I read this Pitchfork article today, all about the excitement of owning a Discman back in the 1990s. And they’re right – it really was something special. Compared to its predecessor, the Walkman, it was a massive step forward. Bigger and more ungainly, yes, but then it had to be because compact discs aren’t very… well… compact. But it was worth it for the ability to skip tracks without the guesswork of holding down the fast forward key for twenty or thirty seconds, like you’d have to do with a tape.
Aside from the size (and consequently, the weight as well), there were other drawbacks. The motor would use up the three or four AA batteries in a disturbingly short time and if you bumped, knocked it, the sound would skip would skip skip. But these things were worth the hassle for the sheer joy of digital music pumping into your head.
Of course, I couldn’t afford a Sony Discman. Not the official one. It didn’t bother me too much though because I’d never been able to afford the official Sony Walkman either.
“You’re only paying for the name,” I would argue. And although the sound quality on the real thing was surely far better than on my no-name-brand equivalent, the £1.99 headphones I was probably using would have been a great leveller, anyway.
enjoyed tolerated my faux-Discman for a couple of years before I moved on to a Minidisc player (a top of the range Panasonic, no less). This was a step forward, but was also a bit of a pain because you couldn’t buy pre-recorded Minidiscs, so I had to buy them blank and copy my CDs across to them. But there were so many advantages: the size was the big one – this would literally fit into your pocket – as would the spare discs. The battery life was better (and it only took one battery), and it was much better at handling bumps without interrupting the music. Best of all though, you could add track names to the music and they would scroll across the screen while the song played.
This then was the future.
And then along came the mp3. I had a couple of small mp3 players before I got my first iPod in 2005. There wasn’t much difference in size beween my sexy Panasonic and my (white) second generation iPod, and while the battery life was a massive improvement, I’d never struggled with that on my Minidisc player anyway, so that didn’t make much difference either.
But while I could have 15 tracks on any given Minidisc, my iPod could hold 1500 or more. Amazing – sure – but I never did manage to listen to them all in one day.
Fast forward (no pun intended) to the present day, and I’m ready to move on again. My current iPod is full and while (as with many Apple things) it is a design classic, it also (as with many Apple things) isn’t the most user-friendly device. Add the disaster that is iTunes to the mix, and I’m actually done with Steve’s nonsense now. It’s time for another change – and I haven’t made that decision lightly, given that I like to listen to a lot of music while I’m on the go. This must work.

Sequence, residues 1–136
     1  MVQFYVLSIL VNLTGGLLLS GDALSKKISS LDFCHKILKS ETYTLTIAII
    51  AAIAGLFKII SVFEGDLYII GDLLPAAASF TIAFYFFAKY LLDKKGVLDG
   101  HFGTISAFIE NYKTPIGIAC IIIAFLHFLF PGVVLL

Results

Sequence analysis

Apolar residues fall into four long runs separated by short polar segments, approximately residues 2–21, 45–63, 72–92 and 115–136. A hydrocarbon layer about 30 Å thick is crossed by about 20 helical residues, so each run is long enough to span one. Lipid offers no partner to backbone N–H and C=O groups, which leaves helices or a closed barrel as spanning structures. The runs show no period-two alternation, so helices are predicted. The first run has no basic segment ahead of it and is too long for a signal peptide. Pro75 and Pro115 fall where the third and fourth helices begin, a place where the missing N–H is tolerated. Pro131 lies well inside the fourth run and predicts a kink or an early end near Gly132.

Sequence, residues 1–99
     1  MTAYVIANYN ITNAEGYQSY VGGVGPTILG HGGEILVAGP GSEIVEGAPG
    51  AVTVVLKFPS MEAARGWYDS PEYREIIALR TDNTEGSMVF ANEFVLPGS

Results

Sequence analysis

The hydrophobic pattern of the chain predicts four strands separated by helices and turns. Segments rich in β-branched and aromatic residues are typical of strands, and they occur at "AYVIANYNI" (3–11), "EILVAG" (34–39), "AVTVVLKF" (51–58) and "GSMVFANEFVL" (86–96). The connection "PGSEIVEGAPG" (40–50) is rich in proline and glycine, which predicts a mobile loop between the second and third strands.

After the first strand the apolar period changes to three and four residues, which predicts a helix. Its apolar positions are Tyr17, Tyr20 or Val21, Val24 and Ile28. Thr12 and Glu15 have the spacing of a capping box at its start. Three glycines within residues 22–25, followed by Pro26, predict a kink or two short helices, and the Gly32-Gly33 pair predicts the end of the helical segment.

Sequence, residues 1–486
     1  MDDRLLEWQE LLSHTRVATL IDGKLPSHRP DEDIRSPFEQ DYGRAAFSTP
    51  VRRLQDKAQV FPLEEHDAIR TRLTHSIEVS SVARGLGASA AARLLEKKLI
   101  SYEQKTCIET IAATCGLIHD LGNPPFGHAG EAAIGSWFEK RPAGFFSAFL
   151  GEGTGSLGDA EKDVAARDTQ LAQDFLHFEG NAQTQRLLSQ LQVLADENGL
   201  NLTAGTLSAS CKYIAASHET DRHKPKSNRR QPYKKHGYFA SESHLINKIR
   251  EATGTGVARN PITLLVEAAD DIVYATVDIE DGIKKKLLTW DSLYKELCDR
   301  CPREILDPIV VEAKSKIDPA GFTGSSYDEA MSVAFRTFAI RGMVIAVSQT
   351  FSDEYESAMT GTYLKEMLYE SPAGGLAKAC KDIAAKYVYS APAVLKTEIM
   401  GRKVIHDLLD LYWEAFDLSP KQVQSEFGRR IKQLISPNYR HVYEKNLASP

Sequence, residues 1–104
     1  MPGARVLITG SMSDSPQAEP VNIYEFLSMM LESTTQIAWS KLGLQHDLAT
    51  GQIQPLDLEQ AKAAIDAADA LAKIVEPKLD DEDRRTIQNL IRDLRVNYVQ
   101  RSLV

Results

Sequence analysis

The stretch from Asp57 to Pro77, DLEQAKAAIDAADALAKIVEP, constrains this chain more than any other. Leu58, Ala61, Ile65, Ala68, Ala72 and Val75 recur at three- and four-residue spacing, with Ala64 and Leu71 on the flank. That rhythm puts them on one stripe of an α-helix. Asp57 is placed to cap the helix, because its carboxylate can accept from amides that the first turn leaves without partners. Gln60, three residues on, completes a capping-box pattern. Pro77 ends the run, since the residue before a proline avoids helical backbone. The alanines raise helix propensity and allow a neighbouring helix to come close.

The choice, were I living in the UK (for example), would be clear: streaming. And yes, I do have some streaming service accounts and they work quite nicely, just as long as I am sitting next to a big wifi, as you might often find yourself doing overseas. But data in SA is ridiculously expensive and limiting, and instantly destroys any idea of wandering around listening to music over the net. And so while I like to have these things as a back up, the more obvious answer for me is a 128GB micro SD card in my phone: instant access, effortless movement and choice of tracks, virtually zero battery usage and all on something which I was inevitably carrying on my person anyway.
Apparently there’s not much of a market for single-purpose music players anymore. But I suspect that’s partly a matter of amnesia. We didn’t know it in 1998, but we were lucky that our portable listening devices did not badger us with news alerts and text messages. If they had, the euphoria of the Walkman experience would not have been so pure.
OK, so that is one drawback, and it’s true that pretty much nothing would interrupt my Discman experience back in the day (even though I had a mobile phone back then), but times have changed and if I’m honest, I quite like to have the option to keep in touch – just as long as I can choose to switch it off for the duration of any given album.
I’m open to other suggestions if you have any. I need space for about 12,000 tracks (because you never know when you’re going to need to hear Babylon Zoo’s Spaceman or White Town’s Your Woman) and I’m not willing to go back to CDs. (Oh, and I need a solution for my Windows PC as well, please.)